Although McNulty is the protagonist of the show, and Stringer begins to eclipse all other Barksdale operatives in importance, it’s Daniels and D’Angelo who are probably the most interesting characters of the first season because of how much they each change. Most characters don’t change in S1; all that happens is we learn more about them. But Daniels – who has done some crooked stuff in the past and paid himself handsomely for it – and D’Angelo – whose murder trial is the first action of the series – are different men by E13. Daniels starts out nearly as cautious and career-minded as Stringer, unwilling to push the bounds of the detail’s purview; it takes a while before he even gets on board with the idea of the titular wire. By the end of the season, though, Daniels is putting the cuffs on Avon Barksdale himself. In what was the most intense scene of the season for me, Daniels is threatened by Burrell to back off on his wire (and on his detail’s curious interest in campaign contributions) or he’ll face the music for what he did years ago. Daniels does not flinch. The camera turns ninety degrees slowly as he spits his response, which is firecracking: he intends to continue the wiretap as long as he has a warrant to do so, and if Burrell decides he wants to make a stink, that’s just fine, because he’s willing to fire back at the BPD if they open fire on him. Daniels would have caved ten episodes before, maybe even two or three episodes before. By the end of the season, he is absolutely fearless, as outspoken as McNulty but without the self-aggrandizement; he pays for it when he is passed over for a promotion to major. Reddick, who is only about 6’2″ but looks about 6’5″ because he’s so lean, towers over his detail in the last few episodes. No one else has his passion, and regardless of whatever bad thing he’s done in the past, he’s become my favorite character. On the other side of the law, D’Angelo becomes a different man as well. On the night when he beats the murder charge (with a little help from Stringer Bell, who gets a witness to change her testimony while she’s on the stand), he is cocky, on top of the world. It’s not long before that ego is punctured. He’s lost his position as the man in charge of overseeing the operations at some high rises; he’s sent back into the projects, with a group of teenagers as his immediate inferiors, and is essentially told to humble himself and start over. He does, although it takes him a while. He brags about a different murder he’s committed to some of the younger guys in the early going, but then starts to rethink a lot of his pre-trial assumptions. Why does his uncle, Avon, keep piling up bodies? Why can’t they just sell this stuff? Why are they selling this stuff anyway? Why do his friends in the operation treat women so carelessly that it kills them? Why do his uncle and his men have a sixteen-year-old, Wallace (a young Michael B. Jordan), killed? (Wallace is one of the series’ most sympathetic characters; he is positively sweet, and is acting as a father figure to about half-a-dozen kids under the age of ten. The sight of Brandon’s corpse terrifies him, makes him consider the human cost of his actions. He’s fated to die almost the moment he gets a conscience, but there’s not a more affecting moment than when he’s murdered by his best friends.) “Where’s Wallace, String!” he screams. “Where’s Wallace!” D’Angelo understands that drugs are the family business, the same way that some kids inherit restaurants, and yet he comes to the realization over the course of the season that there are some things his uncle and his consiglieri do which are just plain unethical. At the end of the season, it looks like he’s about to break with them for good, having sworn off the organization’s sleazy but competent lawyer, Levy (Michael Kostroff), but in the end comes back into the fold. He’ll have twenty years in prison to think about the decision.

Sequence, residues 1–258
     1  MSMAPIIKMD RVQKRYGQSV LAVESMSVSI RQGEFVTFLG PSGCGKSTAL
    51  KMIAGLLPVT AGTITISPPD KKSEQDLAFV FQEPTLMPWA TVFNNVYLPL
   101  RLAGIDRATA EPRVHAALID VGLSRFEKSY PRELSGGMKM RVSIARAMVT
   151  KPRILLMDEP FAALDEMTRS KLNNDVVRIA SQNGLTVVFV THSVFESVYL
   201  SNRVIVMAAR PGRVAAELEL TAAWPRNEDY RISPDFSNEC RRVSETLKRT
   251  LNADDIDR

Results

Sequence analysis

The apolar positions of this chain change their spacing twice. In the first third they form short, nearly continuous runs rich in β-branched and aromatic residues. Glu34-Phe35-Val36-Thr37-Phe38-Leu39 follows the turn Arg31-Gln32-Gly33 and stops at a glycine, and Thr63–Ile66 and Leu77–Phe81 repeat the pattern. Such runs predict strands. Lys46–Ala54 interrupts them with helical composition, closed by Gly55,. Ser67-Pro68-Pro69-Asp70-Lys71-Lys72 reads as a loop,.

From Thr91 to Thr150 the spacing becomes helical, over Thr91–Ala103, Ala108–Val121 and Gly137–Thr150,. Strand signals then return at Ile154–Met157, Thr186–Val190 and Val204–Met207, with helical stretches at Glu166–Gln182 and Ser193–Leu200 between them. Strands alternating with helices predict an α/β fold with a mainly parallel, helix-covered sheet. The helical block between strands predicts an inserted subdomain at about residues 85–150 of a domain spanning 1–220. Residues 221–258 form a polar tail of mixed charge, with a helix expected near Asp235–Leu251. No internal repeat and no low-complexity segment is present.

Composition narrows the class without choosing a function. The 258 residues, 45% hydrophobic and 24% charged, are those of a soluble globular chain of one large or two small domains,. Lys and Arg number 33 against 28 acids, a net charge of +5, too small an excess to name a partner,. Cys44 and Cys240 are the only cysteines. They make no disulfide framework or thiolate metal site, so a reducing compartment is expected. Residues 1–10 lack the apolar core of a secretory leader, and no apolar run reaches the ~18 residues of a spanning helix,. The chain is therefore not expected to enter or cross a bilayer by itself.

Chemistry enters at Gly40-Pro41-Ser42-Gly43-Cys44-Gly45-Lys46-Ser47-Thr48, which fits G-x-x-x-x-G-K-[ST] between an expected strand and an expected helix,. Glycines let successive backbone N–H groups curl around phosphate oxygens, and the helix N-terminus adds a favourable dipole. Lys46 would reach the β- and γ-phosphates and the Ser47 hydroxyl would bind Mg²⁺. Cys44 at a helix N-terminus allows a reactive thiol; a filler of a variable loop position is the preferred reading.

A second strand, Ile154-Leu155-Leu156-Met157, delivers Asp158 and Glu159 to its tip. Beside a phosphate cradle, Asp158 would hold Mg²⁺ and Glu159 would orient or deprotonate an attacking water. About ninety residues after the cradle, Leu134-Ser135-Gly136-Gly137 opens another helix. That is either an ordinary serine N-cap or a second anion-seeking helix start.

Something I like about this season is that it more or less wraps up its loose ends. Avon and D’Angelo and most of the major players in the Barksdale organization are going to jail; the members of the detail have, for the most part, returned to their departments. Prez has packed up the boards with the photos and maps and connections. And yet there’s more coming; the show doesn’t leave us with a cliffhanger, yet it does leave a major piece of the puzzle unfinished. Just how far up does the corruption go? Twice, Freamon tells some other cop that police departments would rather chase drugs than money. Drugs you can wrap up; when you get them, they’re got. Money, on the other hand, leads you places you’d never expect. The season ends with the vast majority of the Barksdale drugs accounted for, but the money is still very much out there.